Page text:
…the truest you can be.
Amazingly enough, there are still people in our world who feel like they can’t be their true selves. As if society dictates how/what/whom they should look and feel, it’s a very common occurrence.
In recent conversation, it came up that a woman I know, after expending emotional energy, allows herself to cry and mourn what she has lost. It struck me as profound because how often do we let ourselves just feel? Believe me, it can be a terrifying journey to embark on – with the scariest of turns and very little sustainable food sources. At the end, however, you will be rewarded with soul food beyond anything you’ve ever tasted. So how do you get there? You simply start.
Please pause for a random thought:
Exercise does for the body what feeling does for the soul. It hurts! True. It really does hurt. You won’t catch me lying about the pain. But so much good can come of it. The mind and soul need ample time to process; without this time, it’s much like complacency – everything starts to feel the same.
For example, do you know what food tastes like when you rapidly inhale it and don’t take the time to enjoy it? Sure, you taste it but you don’t really taste. There is a means to an end.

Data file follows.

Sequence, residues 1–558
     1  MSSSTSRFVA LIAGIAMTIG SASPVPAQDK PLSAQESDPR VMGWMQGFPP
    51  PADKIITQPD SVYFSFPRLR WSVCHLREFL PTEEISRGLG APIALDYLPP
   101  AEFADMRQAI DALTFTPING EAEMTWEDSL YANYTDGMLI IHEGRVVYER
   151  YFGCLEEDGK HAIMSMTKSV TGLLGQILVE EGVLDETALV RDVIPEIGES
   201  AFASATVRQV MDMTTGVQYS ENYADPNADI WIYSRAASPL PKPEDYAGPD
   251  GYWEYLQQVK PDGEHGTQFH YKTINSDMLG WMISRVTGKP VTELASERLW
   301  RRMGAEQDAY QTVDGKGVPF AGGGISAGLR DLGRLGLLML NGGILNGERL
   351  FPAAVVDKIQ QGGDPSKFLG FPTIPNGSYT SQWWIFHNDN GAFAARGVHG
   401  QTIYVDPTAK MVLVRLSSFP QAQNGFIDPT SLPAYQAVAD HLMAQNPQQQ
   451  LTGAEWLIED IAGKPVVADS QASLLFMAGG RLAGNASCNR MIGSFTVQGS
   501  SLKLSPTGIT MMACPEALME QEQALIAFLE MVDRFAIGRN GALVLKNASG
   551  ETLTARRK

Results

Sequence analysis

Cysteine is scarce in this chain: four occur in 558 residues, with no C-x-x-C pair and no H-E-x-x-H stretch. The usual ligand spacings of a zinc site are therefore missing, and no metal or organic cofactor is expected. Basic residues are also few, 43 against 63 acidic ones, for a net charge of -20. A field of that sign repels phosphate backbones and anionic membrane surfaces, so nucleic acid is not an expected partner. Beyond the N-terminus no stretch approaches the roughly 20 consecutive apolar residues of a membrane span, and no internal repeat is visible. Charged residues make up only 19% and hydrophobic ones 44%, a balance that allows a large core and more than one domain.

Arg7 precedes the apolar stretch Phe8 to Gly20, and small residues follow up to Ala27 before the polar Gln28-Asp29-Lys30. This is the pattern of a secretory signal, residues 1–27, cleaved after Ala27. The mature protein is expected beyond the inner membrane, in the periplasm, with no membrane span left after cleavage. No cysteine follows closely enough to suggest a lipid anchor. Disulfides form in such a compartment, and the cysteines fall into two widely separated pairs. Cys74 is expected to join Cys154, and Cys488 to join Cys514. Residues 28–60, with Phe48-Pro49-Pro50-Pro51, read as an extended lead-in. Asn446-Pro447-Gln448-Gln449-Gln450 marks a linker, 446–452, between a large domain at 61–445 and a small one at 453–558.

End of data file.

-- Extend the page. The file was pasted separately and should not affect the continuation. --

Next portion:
The above was an awe-inspiring documentary I am better for watching. Truly unbelievable are the men and women whose souls flourish in bringing people together for a common goal. As the caption states, the hope one witnesses in others who have faced a tough set of circumstances really proves how much we need one another. Try not to feel moved while watching this movie; I dare you.
And now back to our main content:
In being true to yourself, I believe it’s also important to be – what these hip young people call and I know as a buzz word – transparent. Transparency doesn’t exist in my vocabulary. (The word doesn’t, the idea does.) It’s not so much about being see through to others; who cares what they think. Easier said than done, I know.
There was a time in my life when perception was reality. Loathing. In the real, wide world this isn’t necessarily true. As a child, I didn’t know why I was different. The pressure on myself to be perfect and have things just so was, frankly, debilitating. At the age of 6, when I’d visit other friends’ homes, their bedrooms would be a wild mess. How I envied the randomness of it. In an effort to curtail my perfectionism, I’d go home and ransack my dresser drawers to make my room look “lived in”. But each time I did this (yes, multiple times), the experience would end in tears and my returning the room to its former cleanliness.
It took many years to embrace my Type A personality. Today, I’m comfortable with it. It’s just how I am. Things have a place and belong somewhere. I take pride in a clean car and home. Sure, bordering on compulsive, this behavior isn’t always healthy but it’s who I am. I do my best not to impose myself on my mini’s way of living because obviously choice is very important. But if I’m being completely honest, her lackluster care for order in some things but not in others drives me insane.
You know that emoji with both arms up and a big shrug? Just insert that right here.
I ask you –
When was the last time you dove into your emotions?
Any buzz words you’re sick of hearing? Transparent is definitely the biggest for me.
Type A? Type B? Thoughts on this?